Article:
Life questions with ThorPosted: 02/19/2013
No punching today. Instead, we’re going to discuss a single inquiry asked of our god of thunder. Enjoy a beautifully done, well-crafted moment, and understand any answers I attempt to give will in no way be properly articulated. But that shouldn’t stop us from trying. In the mini-series Thor: Heaven & Earth, wonderfully written by Paul Jenkins and drawn by Pascual Alixe, Thor and gang go on little missions filled with just as much violence as intellectualism. In issue #3, we’re faced with this heartbreaking situation:
Before you get suspicious, that’s not exactly Thor’s buddy from World War II or whatever conflict he hammered bad guys in the past. When you’re thousands of years old and live in a magical dimension, it’s easy to teleport down to any big deal from history. Nope, this old man did the impossible: he stumped a god.
Everything starts after a big brawl in New York.
Thor walks triumphantly back to his flamboyant bridge home.
What a fantastic concept! Superheroes are from all sorts of insane origins, but we accept that they live in a world very much like ours. It shouldn’t surprise us that the there’s organized religion or that Christianity still plays a major role in the lives of many New York citizens. Yet they all just witnessed this very non-Catholic deity smash monsters with a hammer. How could a priest explain this to his congregation while still holding steadfast in his own religious beliefs?
Look, no one’s claiming Thor’s a genius. The guy’s gallant, heroic, and chivalrous — but no spelling bee championships will be coming his way. And thus, his thought process remains honest and simple at its core:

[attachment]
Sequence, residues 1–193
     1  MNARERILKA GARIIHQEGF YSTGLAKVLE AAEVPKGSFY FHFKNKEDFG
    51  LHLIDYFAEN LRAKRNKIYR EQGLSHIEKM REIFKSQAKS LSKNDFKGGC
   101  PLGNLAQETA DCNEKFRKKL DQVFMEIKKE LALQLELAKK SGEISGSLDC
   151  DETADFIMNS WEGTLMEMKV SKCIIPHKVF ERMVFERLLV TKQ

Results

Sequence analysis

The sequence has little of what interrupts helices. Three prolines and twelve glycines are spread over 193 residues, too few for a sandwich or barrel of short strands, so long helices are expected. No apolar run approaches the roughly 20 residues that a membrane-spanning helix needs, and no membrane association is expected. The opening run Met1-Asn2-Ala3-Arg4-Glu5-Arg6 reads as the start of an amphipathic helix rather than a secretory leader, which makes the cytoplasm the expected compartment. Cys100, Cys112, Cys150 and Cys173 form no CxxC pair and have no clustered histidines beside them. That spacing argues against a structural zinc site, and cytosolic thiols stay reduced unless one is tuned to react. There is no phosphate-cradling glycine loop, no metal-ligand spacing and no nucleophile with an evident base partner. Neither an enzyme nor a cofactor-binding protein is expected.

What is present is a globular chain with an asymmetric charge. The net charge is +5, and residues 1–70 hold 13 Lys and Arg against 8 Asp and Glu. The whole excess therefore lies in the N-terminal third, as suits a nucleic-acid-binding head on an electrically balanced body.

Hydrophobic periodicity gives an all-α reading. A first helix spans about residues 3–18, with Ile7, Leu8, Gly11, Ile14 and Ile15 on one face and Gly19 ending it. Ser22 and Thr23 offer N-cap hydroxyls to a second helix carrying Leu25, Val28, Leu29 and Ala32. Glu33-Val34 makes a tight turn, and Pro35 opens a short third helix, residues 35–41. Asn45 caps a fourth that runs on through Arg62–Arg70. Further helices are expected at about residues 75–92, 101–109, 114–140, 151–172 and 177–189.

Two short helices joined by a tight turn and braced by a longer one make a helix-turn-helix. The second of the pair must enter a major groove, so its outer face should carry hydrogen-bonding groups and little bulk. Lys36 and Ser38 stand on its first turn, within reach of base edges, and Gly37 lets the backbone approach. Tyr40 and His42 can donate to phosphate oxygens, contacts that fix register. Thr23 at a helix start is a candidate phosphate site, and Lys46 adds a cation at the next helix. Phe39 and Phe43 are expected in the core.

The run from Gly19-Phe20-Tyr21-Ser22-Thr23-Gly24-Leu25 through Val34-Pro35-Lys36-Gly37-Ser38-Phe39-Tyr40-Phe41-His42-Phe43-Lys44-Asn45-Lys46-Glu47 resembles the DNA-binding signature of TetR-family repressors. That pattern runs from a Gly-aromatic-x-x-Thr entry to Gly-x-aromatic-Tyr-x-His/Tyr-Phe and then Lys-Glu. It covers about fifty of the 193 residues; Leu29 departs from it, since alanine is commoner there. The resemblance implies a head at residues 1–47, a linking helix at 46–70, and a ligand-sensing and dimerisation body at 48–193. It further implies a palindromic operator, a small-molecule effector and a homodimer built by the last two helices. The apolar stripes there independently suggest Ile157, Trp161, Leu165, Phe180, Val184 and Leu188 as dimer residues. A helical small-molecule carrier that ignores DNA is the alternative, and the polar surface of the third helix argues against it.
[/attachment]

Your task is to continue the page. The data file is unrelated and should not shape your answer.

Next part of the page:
But a shrug and tough luck pat on the shoulder won’t work. As this priest lies on his deathbed four years after this initial meeting, Thor can only come to one conclusion.
Sometimes it’s hard for readers to sympathize or relate to Thor. The guy’s practically invincible and if he does die, he’ll be resurrected almost immediately. Plus, he has Hulk-level strength without the moral responsibility that makes other characters like Superman so beloved. So while I can’t possibly explain in the detail or manner I wish, I do believe Thor’s answer explains better than anything else about why this god of thunder truly defines a superhero.
As cliched as it sounds, it’s the flaws that define our heroes, not the triumphs. In this single moment, Thor has shown his humanity that we may not have seen much of in the past. The personal struggles are what creates three-dimensional characters we can root for and grow alongside with. Remember Iron Man’s alcoholism? Captain America’s man out of time? Hulk’s lack of control? When we add Thor’s questions of identity and purpose, he is objectively a better character.
And I do mean objectively. Plus, he has that cool hammer.